Design, Setting, and Participants  This prespecified nested cohort study of infants enrolled in the Optimizing Cooling (OC) multicenter Eunice Kennedy Shriver National Institute of Child Health and Human Development (NICHD) Neonatal Research Network trial from December 2011 to December 2013 with 2 years’ follow-up randomized infants to either 72 hours of cooling (group A) or 120 hours (group B). The main trial included 364 infants. Of these, 194 were screened, 10 declined consent, and 120 met all predefined inclusion criteria. A total of 112 (90%) had complete data for death or disability. Data were analyzed from January 2018 to January 2020.

Interventions  Serial amplitude electroencephalography recordings were compared in the 12 hours prior and 12 hours during rewarming for evidence of electrographic seizure activity by 2 central amplitude-integrated electroencephalography readers blinded to treatment arm and rewarming epoch. Odds ratios and 95% CIs were evaluated following adjustment for center, prior seizures, depth of cooling, and encephalopathy severity.

Main Outcomes and Measures  The primary outcome was the occurrence of electrographic seizures during rewarming initiated at 72 or 120 hours compared with the preceding 12-hour epoch. Secondary outcomes included death or moderate or severe disability at age 18 to 22 months. The hypothesis was that seizures during rewarming were associated with higher odds of abnormal neurodevelopmental outcomes.

Results  A total of 120 newborns (70 male [58%]) were enrolled (66 in group A and 54 in group B). The mean (SD) gestational age was 39 (1) weeks. There was excellent interrater agreement (κ, 0.99) in detection of seizures. More infants had electrographic seizures during the rewarming epoch compared with the preceding epoch (group A, 27% vs 14%; P = .001; group B, 21% vs 10%; P = .03). Adjusted odd ratios (95% CIs) for seizure frequency during rewarming were 2.7 (1.0-7.5) for group A and 3.2 (0.9-11.6) for group B. The composite death or moderate to severe disability outcome at 2 years was significantly higher in infants with electrographic seizures during rewarming (relative risk [95% CI], 1.7 [1.25-2.37]) after adjusting for baseline clinical encephalopathy and seizures as well as center.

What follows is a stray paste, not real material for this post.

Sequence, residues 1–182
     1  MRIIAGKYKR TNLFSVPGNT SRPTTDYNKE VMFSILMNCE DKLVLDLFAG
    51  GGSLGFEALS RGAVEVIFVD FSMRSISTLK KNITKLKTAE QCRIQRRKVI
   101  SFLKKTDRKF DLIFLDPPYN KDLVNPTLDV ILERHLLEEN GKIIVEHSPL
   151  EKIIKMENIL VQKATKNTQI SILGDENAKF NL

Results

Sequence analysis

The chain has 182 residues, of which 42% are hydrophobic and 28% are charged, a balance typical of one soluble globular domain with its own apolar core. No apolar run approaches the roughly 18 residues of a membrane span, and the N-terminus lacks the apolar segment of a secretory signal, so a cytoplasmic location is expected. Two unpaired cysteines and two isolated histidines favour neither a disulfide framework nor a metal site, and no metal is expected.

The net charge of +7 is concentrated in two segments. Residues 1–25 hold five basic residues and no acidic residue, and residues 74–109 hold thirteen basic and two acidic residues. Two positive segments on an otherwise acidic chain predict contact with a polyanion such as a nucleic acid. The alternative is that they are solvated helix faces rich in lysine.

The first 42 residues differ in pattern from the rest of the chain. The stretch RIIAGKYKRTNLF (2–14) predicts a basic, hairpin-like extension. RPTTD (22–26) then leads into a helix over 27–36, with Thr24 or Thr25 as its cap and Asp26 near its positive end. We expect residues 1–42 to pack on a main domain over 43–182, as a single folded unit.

Conclusions and Relevance  Findings that higher odds of electrographic seizures during rewarming are associated with death or disability at 2 years highlight the necessity of electroencephalography monitoring during rewarming in infants at risk.

Trial Registration  ClinicalTrials.gov Identifier: NCT01192776

Add or change institution
Limit 200 characters
Limit 25 characters
Conflicts of Interest Disclosure

Identify all potential conflicts of interest that might be relevant to your comment.

Conflicts of interest comprise financial interests, activities, and relationships within the past 3 years including but not limited to employment, affiliation, grants or funding, consultancies, honoraria or payment, speaker's bureaus, stock ownership or options, expert testimony, royalties, donation of medical equipment, or patents planned, pending, or issued.

Err on the side of full disclosure.

If you have no conflicts of interest, check "No potential conflicts of interest" in the box below. The information will be posted with your response.

Not all submitted comments are published. Please see our commenting policy for details.

Limit 140 characters
Limit 3600 characters or approximately 600 words